In This Issue
Spring Bridge on Concussion: A National Challenge
April 12, 2016 Volume 46 Issue 1

TBI Clinical Trials: Past, Present, and Future

Tuesday, April 12, 2016

Author: Dallas C. Hack

More than 30 clinical trials of pharmaceutical products to treat traumatic brain injury (TBI) have failed and the US Food and Drug Administration (FDA) has not approved any diagnostics or therapies for TBI.

Since 2007 the Department of Defense (DOD) has been the largest funder of TBI research. However, any policy recommending use of unapproved regulated medical products can be approved only by the president. The repeated trial failure has had a direct impact on the DOD’s ability to field regulated products for the care of servicemembers who suffer a TBI, whether in combat or in training.


Traumatic brain injury is a continuum of heterogenic insults to the subcellular and cellular structure. The current approach using the Glasgow Coma Scale (GCS) to categorize TBI is the equivalent of describing cancer as mild, moderate, and severe and then expecting that one treatment will cure all cancer.

The use of progesterone to treat TBI has been researched extensively, with more than 200 preclinical studies as well as successful phase I and phase II trials. Yet two high-profile clinical trials to validate the use of progesterone as a treatment for TBI were terminated for futility in 2014 (Manley 2015; Skolnick et al. 2012; Wright et al. 2014).

Analysis showed that the participants, enrolled based on the GCS, were heterogeneous—multiple causes may contribute to the same GCS score, including diffuse axonal injury, diffuse swelling, contusion, and hematoma. In addition, the measure of effect, the Glasgow Outcome Scale Extended (GOSE), was too insensitive to show a significant difference between treatment and control groups. The GOSE is essentially a disability score rather than a strict measure of brain function.1

Another challenge in treating TBI is to understand which cases will have lingering or delayed effects from a blow to the head. Frequently, TBI patients can pass a neurocognitive test within days after the injury, but when challenged more significantly—such as with multitasking or with low levels of hypoxia as experienced at 7,500 feet—they show deficits on the same neurocognitive tests. Functional magnetic resonance imaging (fMRI) and high-density electroencephalography (EEG) show that the brains of these individuals have not returned to normal months later even when the patients appear normal based on the single neurocognitive test administered.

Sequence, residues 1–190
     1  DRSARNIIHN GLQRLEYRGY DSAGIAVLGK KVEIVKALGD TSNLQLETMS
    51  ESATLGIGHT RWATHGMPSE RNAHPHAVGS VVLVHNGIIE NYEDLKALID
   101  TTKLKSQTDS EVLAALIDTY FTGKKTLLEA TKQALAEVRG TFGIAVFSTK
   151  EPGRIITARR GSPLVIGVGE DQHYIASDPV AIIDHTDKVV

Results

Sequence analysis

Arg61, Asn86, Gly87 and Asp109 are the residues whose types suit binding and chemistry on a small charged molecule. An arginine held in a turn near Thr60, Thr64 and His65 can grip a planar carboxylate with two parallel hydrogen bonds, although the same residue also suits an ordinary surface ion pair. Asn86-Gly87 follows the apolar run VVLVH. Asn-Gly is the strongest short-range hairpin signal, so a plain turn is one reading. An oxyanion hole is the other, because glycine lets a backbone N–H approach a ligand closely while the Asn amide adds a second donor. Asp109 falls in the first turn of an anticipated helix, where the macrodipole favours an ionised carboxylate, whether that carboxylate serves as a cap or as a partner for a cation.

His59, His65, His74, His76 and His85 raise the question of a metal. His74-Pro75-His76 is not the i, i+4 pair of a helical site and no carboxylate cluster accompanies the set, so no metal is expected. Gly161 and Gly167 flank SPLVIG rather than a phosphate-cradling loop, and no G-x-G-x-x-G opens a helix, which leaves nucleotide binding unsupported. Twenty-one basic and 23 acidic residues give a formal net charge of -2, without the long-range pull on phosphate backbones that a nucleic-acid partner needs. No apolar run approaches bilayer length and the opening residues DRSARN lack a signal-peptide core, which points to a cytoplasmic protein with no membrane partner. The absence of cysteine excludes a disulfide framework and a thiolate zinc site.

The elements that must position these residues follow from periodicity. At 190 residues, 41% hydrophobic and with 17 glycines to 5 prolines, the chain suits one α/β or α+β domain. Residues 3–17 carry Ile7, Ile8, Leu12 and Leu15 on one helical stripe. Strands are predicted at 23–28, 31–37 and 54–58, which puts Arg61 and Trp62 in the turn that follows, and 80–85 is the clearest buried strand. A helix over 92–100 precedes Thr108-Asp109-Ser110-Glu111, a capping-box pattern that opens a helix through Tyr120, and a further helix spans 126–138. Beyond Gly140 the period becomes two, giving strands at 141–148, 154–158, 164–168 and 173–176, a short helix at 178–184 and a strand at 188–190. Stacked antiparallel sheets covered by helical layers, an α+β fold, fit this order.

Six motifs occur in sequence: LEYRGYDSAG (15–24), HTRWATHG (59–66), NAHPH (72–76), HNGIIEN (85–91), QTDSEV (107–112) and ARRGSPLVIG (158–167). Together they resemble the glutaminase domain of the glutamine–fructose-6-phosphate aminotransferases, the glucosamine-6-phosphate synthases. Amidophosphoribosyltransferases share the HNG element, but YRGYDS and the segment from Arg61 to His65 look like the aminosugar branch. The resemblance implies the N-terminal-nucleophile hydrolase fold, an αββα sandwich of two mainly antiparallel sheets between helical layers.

Recent Clinical Trials: Challenges and Analysis

Difficulties experienced in moving TBI-related products through the clinical trial and regulatory process in two diagnostic efforts prompted the DOD to reevaluate the entire paradigm of TBI clinical trials.

Two Challenging Experiences

The first effort, involving a quantitative EEG (QEEG) system (figure 1) with machine learning to screen for changes in brain function after an impact to the head (Ayaz et al. 2015), entailed more than 18 months of discussions with the FDA before arriving at agreement to use the comparison measure of a positive computed tomography (CT) scan and a mutually agreed indication for use. The pivotal trial was successful and the device received clearance from the FDA as an indicator of whether a CT scan was indicated by the New Orleans Criteria. In other words, the QEEG is being compared to a test for brain bleeding, not a test of brain dysfunction. A brain injury involving bleeding is likely more serious than a concussion not involving bleeding.

Figure 1

The second effort, which included a blood test for proteins usually not present without a brain injury (Papa et al. 2012a,b), had a similar course before being cleared to perform the pivotal trial. The 2,000-patient multicenter international clinical trial has now been completed and, if the analysis is successful, an application should be filed, again as a comparison with a CT scan. Previous trials with these biomarkers have shown virtually complete sensitivity but less than 25 percent specificity in mild TBI (GCS 13–152): the blood test simply detected brain injuries that did not have associated bleeding.

Truly a better comparison measure than the CT scan is needed. The difficulty in arriving at agreed measures was judged to be due to the lack of validation trials of other measures according to regulatory standards. The regulatory science is inadequate, but is a reflection of the state of the more general science in the field of TBI.


The TBI field has been very introspective, with numerous analyses of the causes of failed clinical trials (Bullock et al. 2002; Burke et al. 2015; Dickinson et al. 2000; Farin and Marshall 2004; Kabadi and Faden 2014; Li et al. 2014; Loane and Faden 2010; Maas et al. 1999, 2010; Narayan et al. 2002; Tolias and Bullock 2004)—a much higher ratio of review than other fields, such as Alzheimer’s disease or stroke, which each have in excess of 300 failed clinical trials. The results of the analyses have recurring themes; in summary, the main recommendations are to